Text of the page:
The Thermogravimetric Analyzer Model 55 (Discovery TGA, TA Instruments- Waters LLC, and New Castle, DE) was used to measure the thermal stability of both bound and unbound N, N-Ethylene bis(Salicylidene aminato) ligand, and the ligand Cu (II). The samples were prepared by placing one drop of the material on to a pre-tared platinum TGA pan. The pan was placed onto the auto- loading mechanism of the TGA, and an automated loading sequence was initiated. The sample was then placed into a furnace which heats the sample, while simultaneously measuring the mass of the sample every 0.5 s. The TG experimental conditions were Ramp 10˚C per minute to 700˚C in nitrogen gas. All TG experiments were performed using 30 - 40 mg of each sample.
2.7. Cyclic Voltammetry
Electrochemical characterization of ligand and Cu (II) complexes were carried out in organic solutions using a one-compartment three-electrode cell equipped with a platinum disk working electrode (1.6 mm diameter) from Basi-Analytical Instruments, a platinum wire as auxiliary electrode, and Ag/AgNO3 (0.10 M, in acetonitrile) as reference electrode. The working electrode was polished first using 0.30 μm followed by 0.05 μm alumina polish (BASi). The supporting electrolyte was 0.1 M tetrabutylammonium perchlorate (Bu4NClO4) dissolved in DMF. All potentials were converted to the SHE scale by adding 0.50 V to the experimental data  . The cyclic voltammetry were carried out on a Princeton Applied Research VersaSTAT-3 potentiostate with samples degassed under a nitrogen flow before each scan.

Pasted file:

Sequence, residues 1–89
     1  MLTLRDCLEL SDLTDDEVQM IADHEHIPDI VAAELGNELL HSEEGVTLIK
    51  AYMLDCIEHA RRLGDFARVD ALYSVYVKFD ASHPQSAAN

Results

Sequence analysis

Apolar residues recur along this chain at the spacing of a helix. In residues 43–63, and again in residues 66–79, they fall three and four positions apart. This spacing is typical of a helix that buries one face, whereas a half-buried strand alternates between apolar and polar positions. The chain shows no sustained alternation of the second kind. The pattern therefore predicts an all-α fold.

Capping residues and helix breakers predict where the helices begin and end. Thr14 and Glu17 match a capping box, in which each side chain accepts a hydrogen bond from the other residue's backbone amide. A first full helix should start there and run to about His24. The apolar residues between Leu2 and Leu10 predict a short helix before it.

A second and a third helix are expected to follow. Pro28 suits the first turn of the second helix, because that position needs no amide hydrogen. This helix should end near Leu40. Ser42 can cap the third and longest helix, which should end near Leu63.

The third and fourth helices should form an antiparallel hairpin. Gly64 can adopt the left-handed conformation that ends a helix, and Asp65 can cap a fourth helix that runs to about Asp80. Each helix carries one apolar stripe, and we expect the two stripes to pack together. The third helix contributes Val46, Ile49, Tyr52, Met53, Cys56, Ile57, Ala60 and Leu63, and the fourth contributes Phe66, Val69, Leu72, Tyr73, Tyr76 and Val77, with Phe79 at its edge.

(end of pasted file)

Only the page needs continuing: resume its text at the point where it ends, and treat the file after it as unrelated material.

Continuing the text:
2.8. Fabrication of Solar Cell
The solar cell devices were prepared according to a modified protocol    . In brief, the photoanode was prepared by depositing a thin film of TiO2 on the conductive side of a fluorine doped tin oxide (FTO) glass using a spin coater and heating the film at 380˚C for 2 hours. The TiO2 covered FTO glass was then immersed in a freshly prepared solution of the dye for a period of four hours, rinsed with ethanol and air dried. The counter electrode (cathode) was prepared by painting FTO glass with colloidal graphite. The dye-sensitized electrode and the carbon electrode were assembled to form a solar cell sandwiched with a redox (I−/I3−) electrolyte solution.
2.9. Photovoltaic Properties Measurement